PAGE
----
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Oman: The True-Life Drama and Intrigue of an Arab State Paperback – 28 Nov 2013


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Product details

  • Paperback: 272 pages
  • Publisher: Mainstream Publishing; Reprint edition (28 Nov. 2013)
  • Language: English
  • ISBN-10: 1780576641
  • ISBN-13: 978-1780576640
  • Product Dimensions: 2.5 x 15.9 x 23.5 cm
  • Average Customer Review: 3.0 out of 5 stars  See all reviews (3 customer reviews)
  • Amazon Bestsellers Rank: 280,841 in Books (See Top 100 in Books)

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Product Description

Review

"A fascinating, compelling book. Revealing and well informed" (The Independent)

"This book, which has been internationally well received, allows a rare and unique insight into an obscure and mysterious land" (Evening Standard)

Book Description

A rare insight into the real-life drama and intrigue of an Arab State

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Most Helpful Customer Reviews

11 of 12 people found the following review helpful By Anne on 26 Dec. 2002
Format: Hardcover Verified Purchase
I found this book absolutely fascinating having lived in Oman for five years 90 to 96 and wish I had been able to read this book while I was there, it would have made me more aware of the general political situation. Anyone who has lived in Oman or is thinking of doing so would enjoy this book. Its generally an easy read, though the points are a little labored. I have no way of judging its accuracy or if the interpretation of events are correct but many of the areas discussed I had heard rumors of, which was interesting in its self.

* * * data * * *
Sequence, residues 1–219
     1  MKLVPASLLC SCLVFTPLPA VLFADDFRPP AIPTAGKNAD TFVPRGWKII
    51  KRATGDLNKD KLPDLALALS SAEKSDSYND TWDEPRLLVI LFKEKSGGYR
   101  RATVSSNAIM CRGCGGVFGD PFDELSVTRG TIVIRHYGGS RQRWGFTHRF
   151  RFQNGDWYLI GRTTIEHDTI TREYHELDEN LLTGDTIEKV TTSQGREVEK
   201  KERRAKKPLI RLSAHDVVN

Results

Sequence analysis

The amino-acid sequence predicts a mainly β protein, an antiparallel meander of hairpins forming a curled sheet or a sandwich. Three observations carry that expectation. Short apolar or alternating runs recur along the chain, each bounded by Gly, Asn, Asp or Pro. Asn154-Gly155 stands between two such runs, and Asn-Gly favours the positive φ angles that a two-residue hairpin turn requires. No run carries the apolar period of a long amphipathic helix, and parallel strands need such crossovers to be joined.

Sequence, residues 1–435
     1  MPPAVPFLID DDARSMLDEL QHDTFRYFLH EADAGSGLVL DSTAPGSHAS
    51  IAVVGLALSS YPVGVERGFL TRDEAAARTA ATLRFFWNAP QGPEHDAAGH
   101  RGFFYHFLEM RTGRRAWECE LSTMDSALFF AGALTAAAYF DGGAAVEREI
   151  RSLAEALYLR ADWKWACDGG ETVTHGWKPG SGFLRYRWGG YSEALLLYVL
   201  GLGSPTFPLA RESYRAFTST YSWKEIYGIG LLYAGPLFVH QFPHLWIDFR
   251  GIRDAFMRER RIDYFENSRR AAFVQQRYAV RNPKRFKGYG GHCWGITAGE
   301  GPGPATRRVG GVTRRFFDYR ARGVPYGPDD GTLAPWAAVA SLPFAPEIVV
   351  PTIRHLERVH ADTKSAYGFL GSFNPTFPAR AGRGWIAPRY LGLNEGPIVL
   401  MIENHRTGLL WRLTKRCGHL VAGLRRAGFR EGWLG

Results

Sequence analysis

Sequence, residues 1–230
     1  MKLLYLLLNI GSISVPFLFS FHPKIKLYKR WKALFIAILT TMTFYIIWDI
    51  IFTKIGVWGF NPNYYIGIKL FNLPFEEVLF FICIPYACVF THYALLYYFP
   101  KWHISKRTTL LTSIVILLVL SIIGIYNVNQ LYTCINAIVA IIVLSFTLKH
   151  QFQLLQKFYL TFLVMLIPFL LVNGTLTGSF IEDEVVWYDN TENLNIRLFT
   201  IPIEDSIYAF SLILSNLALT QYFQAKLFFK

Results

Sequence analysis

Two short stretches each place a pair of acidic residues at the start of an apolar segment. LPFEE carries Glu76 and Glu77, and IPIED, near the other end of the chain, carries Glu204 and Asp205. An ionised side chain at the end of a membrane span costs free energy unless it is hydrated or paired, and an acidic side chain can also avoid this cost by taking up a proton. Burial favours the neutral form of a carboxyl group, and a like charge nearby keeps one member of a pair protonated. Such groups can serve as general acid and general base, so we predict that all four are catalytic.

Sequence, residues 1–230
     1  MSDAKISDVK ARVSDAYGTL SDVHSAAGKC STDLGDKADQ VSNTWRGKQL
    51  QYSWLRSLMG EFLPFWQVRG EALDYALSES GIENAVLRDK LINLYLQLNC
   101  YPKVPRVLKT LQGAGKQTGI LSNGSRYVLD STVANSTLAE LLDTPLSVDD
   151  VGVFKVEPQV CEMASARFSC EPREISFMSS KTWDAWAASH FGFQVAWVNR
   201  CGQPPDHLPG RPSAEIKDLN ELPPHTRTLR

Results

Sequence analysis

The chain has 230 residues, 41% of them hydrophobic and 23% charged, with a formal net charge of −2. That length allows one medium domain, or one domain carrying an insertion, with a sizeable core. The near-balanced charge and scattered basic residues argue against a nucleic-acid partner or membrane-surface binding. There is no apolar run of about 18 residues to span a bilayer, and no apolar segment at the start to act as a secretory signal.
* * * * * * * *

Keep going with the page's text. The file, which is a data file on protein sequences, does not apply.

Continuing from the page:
I have recommended it to several friends.
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35 of 40 people found the following review helpful By A Customer on 2 Sept. 2002
Format: Hardcover
Oman' by John Beasant, claims to be `The True Life Drama And Intrigue Of An Arab State.' Having now waded through the rather turgid prose and potted history lessons I can only comment that there is precious little drama in the book, and the intrigue can be summed up as Middle East-Enders. You can almost hear the book talking in capital letters, punctuated with exclamation marks. In fact the book is liberally littered with the latter form of punctuation, which certainly caused this reviewer intense annoyance after a while. The core problem of the book is that it does not grip the reader's attention and is lamentably short on solid, verifiable facts. It relies on endless anecdotes of un-named senior Omani and British officials, ministers, members of the armed forces and so forth to tell its story. Regrettably, a wealth of anonymity does not lead to a wealth of credibility. No doubt the argument could be made that this anonymity is essential for personal security, but it also leaves the nasty suspicion that anything could be written and accredited to an anonymous senior member of the Royal Family or equally useful source which might offer collateral to the frankly dubious analysis that the book contains. The underlying premise of 'Oman' appears to be how Oman has suffered by the underhand and self-serving actions of a number of Britons who have become seriously rich post 1970 and the Sultan's accession to the throne. However, only 2 are analysed in any detail, and although are of some interest, do not justify the claim for Drama and Intrigue. Sorry about the capitals. Reading this book has tainted me. There are always people who make profits in the shadows. So what?Read more ›
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1 of 1 people found the following review helpful By D. de Gersigny on 19 Mar. 2008
Format: Hardcover
I came across this book after I had spent 5 years in Oman, 2000 to 2004, and I enjoyed it immensely. The country had left me with a warm pack of memories and the book fed these sentiments. I was left believing the authors account of events as these being consistent with my own experience of the graciousness of the people and the rumours and stories which abound in Oman. A definite read for anyone who has lived in Oman or who may visit the country.
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